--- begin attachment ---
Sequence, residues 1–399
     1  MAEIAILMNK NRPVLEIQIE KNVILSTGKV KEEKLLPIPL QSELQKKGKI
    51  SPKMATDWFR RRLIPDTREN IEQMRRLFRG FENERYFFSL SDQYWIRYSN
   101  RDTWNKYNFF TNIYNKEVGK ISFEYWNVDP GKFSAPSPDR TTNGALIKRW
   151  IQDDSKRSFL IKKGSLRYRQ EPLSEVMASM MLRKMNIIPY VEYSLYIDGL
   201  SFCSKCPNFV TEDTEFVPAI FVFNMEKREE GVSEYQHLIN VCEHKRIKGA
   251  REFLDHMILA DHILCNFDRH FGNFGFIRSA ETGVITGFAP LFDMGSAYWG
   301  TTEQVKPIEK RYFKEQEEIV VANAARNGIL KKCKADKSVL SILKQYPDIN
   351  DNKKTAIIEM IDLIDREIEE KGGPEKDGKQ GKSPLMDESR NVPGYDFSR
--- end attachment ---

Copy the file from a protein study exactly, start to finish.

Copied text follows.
Sequence, residues 1–399
     1  MAEIAILMNK NRPVLEIQIE KNVILSTGKV KEEKLLPIPL QSELQKKGKI
    51  SPKMATDWFR RRLIPDTREN IEQMRRLFRG FENERYFFSL SDQYWIRYSN
   101  RDTWNKYNFF TNIYNKEVGK ISFEYWNVDP GKFSAPSPDR TTNGALIKRW
   151  IQDDSKRSFL IKKGSLRYRQ EPLSEVMASM MLRKMNIIPY VEYSLYIDGL
   201  SFCSKCPNFV TEDTEFVPAI FVFNMEKREE GVSEYQHLIN VCEHKRIKGA
   251  REFLDHMILA DHILCNFDRH FGNFGFIRSA ETGVITGFAP LFDMGSAYWG
   301  TTEQVKPIEK RYFKEQEEIV VANAARNGIL KKCKADKSVL SILKQYPDIN
   351  DNKKTAIIEM IDLIDREIEE KGGPEKDGKQ GKSPLMDESR NVPGYDFSR